Saturday, November 17, 2012

Exercise more beneficial on an empty stomach, research shows

For many people, exercising first thing in the morning isn’t something that is particularly appealing.

However, scientists at the University of Glasgow has found that exercising before breakfast burns more fat than exercising afterwards.

Dr Jason Gill and Nor Farah of the Institute of Cardiovascular and Medical Sciences compared the effects of exercise performed before and after breakfast on fat loss and metabolic health.

Ten overweight men who were not regular exercisers took part in their study.

Each man underwent three trials, 1-2 weeks apart:

  1. A set breakfast with no exercise
  2. A set breakfast followed by 60 minutes of exercise at 50 per cent maximal intensity
  3. A set breakfast following 60 minutes of exercise at 50 per cent maximal intensity

3.5 hours later the participant were given lunch which they could eat in unlimited quantity. Intakes at this lunch were essentially the same on all three occasions.

The levels of fat, sugars and insulin in the blood of the study subjects were measured over an 8.5 hour period on each occasion.

Exercise Before Breakfast - Greater Fat Loss

Over the course of the day with no exercise the men were left with an average of 49kcal unburnt fat while exercising after breakfast burned 216kcal more of fat on average than the control trial and 298kcal more than the control group when exercising before breakfast.

The results indicated that both timings of exercise increased fat burning over the day and improved the metabolic profile in the blood. But, exercise before breakfast resulted in greater fat loss and larger reductions in the level of fat in the blood.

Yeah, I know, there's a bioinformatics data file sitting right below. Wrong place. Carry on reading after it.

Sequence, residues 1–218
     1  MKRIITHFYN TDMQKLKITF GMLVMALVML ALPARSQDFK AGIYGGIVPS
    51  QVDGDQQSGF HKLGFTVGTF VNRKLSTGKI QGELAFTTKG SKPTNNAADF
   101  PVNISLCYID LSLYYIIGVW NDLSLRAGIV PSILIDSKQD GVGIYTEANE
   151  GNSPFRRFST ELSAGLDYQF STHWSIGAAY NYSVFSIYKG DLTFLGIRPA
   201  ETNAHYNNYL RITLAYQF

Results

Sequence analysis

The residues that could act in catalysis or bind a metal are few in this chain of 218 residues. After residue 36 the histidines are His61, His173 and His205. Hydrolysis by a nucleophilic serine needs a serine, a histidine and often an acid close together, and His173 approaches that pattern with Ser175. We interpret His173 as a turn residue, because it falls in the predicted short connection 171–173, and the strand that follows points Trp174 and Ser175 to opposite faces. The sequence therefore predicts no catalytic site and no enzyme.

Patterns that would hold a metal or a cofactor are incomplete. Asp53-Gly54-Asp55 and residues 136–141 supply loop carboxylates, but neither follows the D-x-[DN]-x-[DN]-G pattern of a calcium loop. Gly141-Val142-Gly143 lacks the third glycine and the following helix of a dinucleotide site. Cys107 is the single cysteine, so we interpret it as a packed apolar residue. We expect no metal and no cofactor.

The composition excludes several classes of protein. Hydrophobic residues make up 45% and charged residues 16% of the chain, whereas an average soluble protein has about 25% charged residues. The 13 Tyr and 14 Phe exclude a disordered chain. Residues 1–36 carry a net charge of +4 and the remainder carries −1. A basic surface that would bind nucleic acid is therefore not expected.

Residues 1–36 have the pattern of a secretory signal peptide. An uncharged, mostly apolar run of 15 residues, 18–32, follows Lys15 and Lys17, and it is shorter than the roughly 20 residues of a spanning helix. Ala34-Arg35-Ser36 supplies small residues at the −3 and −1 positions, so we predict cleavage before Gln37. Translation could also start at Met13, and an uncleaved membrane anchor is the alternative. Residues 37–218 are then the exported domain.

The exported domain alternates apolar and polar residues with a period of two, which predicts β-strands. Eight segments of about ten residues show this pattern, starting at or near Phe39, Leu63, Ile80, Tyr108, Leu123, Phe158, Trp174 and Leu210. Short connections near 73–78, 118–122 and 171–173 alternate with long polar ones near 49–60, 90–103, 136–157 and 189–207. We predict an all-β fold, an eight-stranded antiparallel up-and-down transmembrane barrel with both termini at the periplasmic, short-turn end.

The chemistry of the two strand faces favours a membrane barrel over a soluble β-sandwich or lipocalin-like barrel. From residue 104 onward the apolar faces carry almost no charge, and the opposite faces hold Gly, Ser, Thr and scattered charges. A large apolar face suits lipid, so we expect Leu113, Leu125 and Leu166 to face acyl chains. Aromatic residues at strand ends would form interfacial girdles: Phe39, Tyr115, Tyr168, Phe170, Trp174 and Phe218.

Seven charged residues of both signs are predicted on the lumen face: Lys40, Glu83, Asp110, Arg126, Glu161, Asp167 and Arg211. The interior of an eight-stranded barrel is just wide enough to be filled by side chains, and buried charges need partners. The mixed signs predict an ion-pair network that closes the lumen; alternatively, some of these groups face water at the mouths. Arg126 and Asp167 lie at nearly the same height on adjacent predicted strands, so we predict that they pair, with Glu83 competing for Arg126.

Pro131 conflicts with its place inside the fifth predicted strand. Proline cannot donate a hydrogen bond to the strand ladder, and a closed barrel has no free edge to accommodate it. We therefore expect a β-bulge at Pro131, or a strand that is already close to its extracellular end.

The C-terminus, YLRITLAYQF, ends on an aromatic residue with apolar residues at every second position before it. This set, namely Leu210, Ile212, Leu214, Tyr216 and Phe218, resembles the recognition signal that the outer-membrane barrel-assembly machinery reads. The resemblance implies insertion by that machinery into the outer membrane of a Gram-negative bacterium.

Dr Gill said “Any exercise you do is beneficial, but the indications are that there might be an extra benefit associated with exercising before eating, compared to after. However, further study is needed to determine whether the present findings extend over the long term.

“In the end, we would like to encourage everyone to do some form of exercise everyday – the difference between exercising before compared to after breakfast was much smaller than the difference between exercising at either time compared to not exercising at all.”


The above story is based on the October 29, 2012 news release by the University of Glasgow.

The research paper is published in the latest edition of the British Journal of Nutrition:
Farah NMF, et al. Effects of exercise before or after meal ingestion on fat balance and postprandial metabolism in overweight men. Br  J Nutr. Published online: 26 October 2012

* Given our current security situation, it is better you exercise on a cross-trainer in the security of your home.

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